NORMAN — As NFL scouts, coaches and executives studied former Oklahoma quarterback Landry Jones throughout the pre-draft months, the offense in which he played and broke records came under some intense, public scrutiny.
Lots of the criticism stemmed from the fact that — for the first time in the Bob Stoops era — Oklahoma lacked a significant tight-end presence. Brannon Green caught the only three passes snagged by the Sooners' true tight ends, not including jack-of-all-trades Trey Millard, who lined up some at tight end but made most of his impact in the backfield.
Asked last week about the criticism, Stoops defended his 2012 offense, saying that the Sooners were greatly inexperienced at tight end and much better with four wide receivers on the field.
“Our best grouping was with wide receivers, which was quite obvious to anybody who watched us,” Stoops said. “Who watched us.”
Jon Gruden, who coached the Tampa Bay Buccaneers to the 2003 Super Bowl title, criticized the Sooners' lack of balance offensively, specifically noting the lack of a tight end presence last season.
Then after the Pittsburgh Steelers selected Jones in the fourth round last month, Trent Dilfer called the OU offense “a joke” and its receivers “brutal.”
Dilfer, who quarterbacked the Baltimore Ravens in their 2001 Super Bowl win, later told ESPN.com the lack of a tight end hurt Jones' ability to learn “a type of football from a quarterback's perspective that's transferrable to the NFL.”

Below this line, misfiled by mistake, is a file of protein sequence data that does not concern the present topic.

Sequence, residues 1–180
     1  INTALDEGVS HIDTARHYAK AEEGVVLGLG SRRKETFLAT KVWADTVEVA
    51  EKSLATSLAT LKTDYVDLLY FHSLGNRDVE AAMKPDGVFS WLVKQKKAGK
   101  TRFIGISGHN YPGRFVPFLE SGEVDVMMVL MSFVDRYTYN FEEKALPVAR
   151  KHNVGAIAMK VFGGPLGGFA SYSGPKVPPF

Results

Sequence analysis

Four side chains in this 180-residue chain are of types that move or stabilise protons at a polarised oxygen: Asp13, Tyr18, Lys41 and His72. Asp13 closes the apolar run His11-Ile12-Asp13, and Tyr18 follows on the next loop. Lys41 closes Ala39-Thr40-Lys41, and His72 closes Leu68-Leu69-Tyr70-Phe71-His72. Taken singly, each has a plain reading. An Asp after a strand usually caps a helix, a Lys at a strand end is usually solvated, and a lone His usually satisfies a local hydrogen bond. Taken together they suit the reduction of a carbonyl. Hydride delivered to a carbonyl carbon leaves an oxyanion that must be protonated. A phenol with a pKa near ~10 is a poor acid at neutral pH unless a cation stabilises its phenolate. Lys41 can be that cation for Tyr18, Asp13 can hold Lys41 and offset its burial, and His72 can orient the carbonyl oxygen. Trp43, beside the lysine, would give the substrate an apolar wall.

Oklahoma's 2012 tight end situation, though, was a Stoops-era aberration. In 2011, Jones' junior year, tight ends Trent Ratterree, James Hanna and Austin Haywood combined for 43 receptions, 524 yards and four touchdowns. Ratterree and Hanna each graduated, and Haywood left the team.
And despite the inexperienced tight ends, Jones' senior year was without question better than his junior season. He improved his decision making, learned to play without Ryan Broyles and recorded better statistics in virtually every passing category.
Like Stoops said, the offense was clearly best with four wide receivers. Without important contributions from Justin Brown, Kenny Stills, Jalen Saunders and Sterling Shepard, Oklahoma's 10-3 record and co-Big 12 championship might not have been attainable.
There's reason to believe the Sooners' tight end situation will improve next season, though. Freshmen Taylor McNamara and Sam Grant each redshirted last season — McNamara after an early season injury — and Green returns with more experience. The Sooners appear very deep at receiver once again, but losing Brown and Stills might create some opportunities for tight ends to become involved in the offense.
“I feel much better about (it),” Stoops said. “It's not unusual for two freshmen to come along and become stronger blockers and a bigger presence in what they're trying to do. Same thing with Brannon Green, he has more experience in what we're asking him to do.”
The unit is also getting a fresh start under new position coach Jay Boulware, who said he expects the tight ends to resume their significance in the Oklahoma offense.
“We're in the process of incorporating our tight ends more, doing some things,” Boulware said. “It's not gonna happen overnight, but as you well know, this (program) does have a great tradition of great tight ends that come through here, and we're gonna get it back to that level.”